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game of thrones jon and dany final season

In these earliest days of 2020, the TV landscape looks completely different than it did a year ago, in large part because nothing as monolithic as Game of Thrones' final season is around to take hold of the pop culture zeitgeist. That doesn't mean people have already forgotten about Game of Thrones' final season, which took over Google for the year. The public's awareness is something that current HBO president of programming Casey Bloys knows all too well, even if he didn't ring in the finale's airing with everyone else in the fandom.

While millions and millions of fans – as well as detractors, no doubt – watched what would be one of the most polarizing Game of Thrones episodes of the eight-season run, Casey Bloys wasn't part of that crowd, and doesn't quite remember what he got into on the evening of May 19. In his words:

I didn’t watch it. You could see the debate starting. And the debate has subsided. But it’ll probably go on for ages.

Which isn't to say that Casey Bloys, who took over the enviable position at HBO in 2016, was completely tuned out of Game of Thrones' final episodes. As the president of programming, Bloys had access to things as they were coming together and watched installments many times over. To that end, he's stated he never watched Thrones episodes live on Sunday nights.

Of course, there might have been another motivation or two keeping Bloys from experiencing Game of Thrones live. Considering he brought up "the debate," the HBO exec likely wanted to stay as far away as possible from the tumultuous reactions that the fantasy series' final season inspired fans to share as loudly as possible. It was almost impossible to go online during Thrones Sundays without getting inundated by opinions large and small, deep and shallow, complimentary and loathing-fueled.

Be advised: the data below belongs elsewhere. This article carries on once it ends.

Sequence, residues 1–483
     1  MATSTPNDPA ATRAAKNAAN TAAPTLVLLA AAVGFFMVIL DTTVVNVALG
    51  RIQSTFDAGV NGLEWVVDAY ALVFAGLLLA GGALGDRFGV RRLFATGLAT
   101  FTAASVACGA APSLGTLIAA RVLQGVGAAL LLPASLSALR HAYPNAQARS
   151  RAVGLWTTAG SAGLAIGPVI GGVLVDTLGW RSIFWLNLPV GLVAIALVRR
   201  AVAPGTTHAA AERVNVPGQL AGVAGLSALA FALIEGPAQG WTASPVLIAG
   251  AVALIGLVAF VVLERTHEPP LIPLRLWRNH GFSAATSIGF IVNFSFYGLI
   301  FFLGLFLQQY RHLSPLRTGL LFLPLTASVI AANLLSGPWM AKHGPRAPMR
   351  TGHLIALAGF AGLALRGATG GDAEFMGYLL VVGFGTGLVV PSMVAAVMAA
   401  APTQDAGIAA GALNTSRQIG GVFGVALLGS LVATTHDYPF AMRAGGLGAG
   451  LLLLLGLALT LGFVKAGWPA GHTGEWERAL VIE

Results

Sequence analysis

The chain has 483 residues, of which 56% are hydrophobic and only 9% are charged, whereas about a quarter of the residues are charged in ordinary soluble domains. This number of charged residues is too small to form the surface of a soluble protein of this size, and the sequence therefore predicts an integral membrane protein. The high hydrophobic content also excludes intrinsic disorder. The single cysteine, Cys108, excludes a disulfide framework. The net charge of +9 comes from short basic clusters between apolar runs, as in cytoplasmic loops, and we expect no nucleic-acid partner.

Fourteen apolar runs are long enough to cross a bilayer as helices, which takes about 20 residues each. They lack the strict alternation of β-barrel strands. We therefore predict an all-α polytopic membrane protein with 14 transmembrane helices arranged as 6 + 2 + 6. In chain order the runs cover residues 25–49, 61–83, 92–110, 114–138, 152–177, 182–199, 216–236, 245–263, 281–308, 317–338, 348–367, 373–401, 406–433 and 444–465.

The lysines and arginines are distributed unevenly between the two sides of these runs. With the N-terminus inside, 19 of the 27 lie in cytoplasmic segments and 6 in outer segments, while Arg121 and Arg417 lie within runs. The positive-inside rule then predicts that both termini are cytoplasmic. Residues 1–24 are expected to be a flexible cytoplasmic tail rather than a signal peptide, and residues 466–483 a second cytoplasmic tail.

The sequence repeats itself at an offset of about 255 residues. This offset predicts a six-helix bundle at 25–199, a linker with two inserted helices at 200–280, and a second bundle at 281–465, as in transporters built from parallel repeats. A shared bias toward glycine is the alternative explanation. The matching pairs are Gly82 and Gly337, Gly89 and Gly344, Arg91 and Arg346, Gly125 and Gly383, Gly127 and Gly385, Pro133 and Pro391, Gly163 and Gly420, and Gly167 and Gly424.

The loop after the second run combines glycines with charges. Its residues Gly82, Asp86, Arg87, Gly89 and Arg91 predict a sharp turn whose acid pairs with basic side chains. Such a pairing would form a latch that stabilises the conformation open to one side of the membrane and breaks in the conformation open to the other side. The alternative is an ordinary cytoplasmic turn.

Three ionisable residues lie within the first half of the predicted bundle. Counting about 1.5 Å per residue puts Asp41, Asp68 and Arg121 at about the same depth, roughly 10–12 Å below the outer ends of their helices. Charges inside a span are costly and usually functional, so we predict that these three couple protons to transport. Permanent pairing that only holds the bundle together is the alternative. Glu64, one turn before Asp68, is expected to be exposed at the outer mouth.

So as an exec partly responsible for getting the out there the past few years, Casey Bloys probably doesn't have an inert need to read long lines of fan gripes, or long lines of fan praises, for that matter. So long as the viewers kept tuning in, at least the bottom line was covered. If the audience is big enough that "the debate" has millions and millions of people involved, it's probably seen as just as much of a success story as a show with an audience of 500,000 people that agree 100% on every creative decision made.

In speaking with The Ringer, Casey Bloys didn't exactly seemed overjoyed that Game of Thrones viewers will likely be debating the show's worth and choices for years to come. Of course, that also means the show will keep drawing in new generations of viewers as the years go by, especially if there are multiple follow-up series building up the live-action franchise.

HBO may never get anything quite as big as Game of Thrones on the air again, but Casey Bloys says that so much of his strategy in recent years was setting up for the show's exit. In his words:

Sometimes, when there’s a show that big, it can confine you to an extent. You start to get afraid: What if this isn’t the next Game of Thrones? That can paralyze you. So one of the things I wanted to do was be prepared for when Game of Thrones ended … and so ’19 was a very deliberate plan that had been in place for several years. A very deliberate attempt to replenish the slate.

That slate became HBO's recent and future lineup of talent-filled shows, which include The Righteous Gemstones, Watchmen, Succession, Euphoria, The Outsider, Avenue 5 and more. It's arguably a stronger pack than many that went directly against Game of Thrones seasons (though Veep's absence still hurts). So maybe the Game of Thrones debates will completely subside one day, but even if not, there will be a lot of other HBO content to talk about in the meantime.

Stay tuned to CinemaBlend for updates on Game of Thrones' prequel projects, and also check out 10 shows you should stream if you're a big G.o.T. fanatic. And don't forget to tune into the 77th annual Golden Globe Awards to see how the show's lone nominee Kit Harington fares.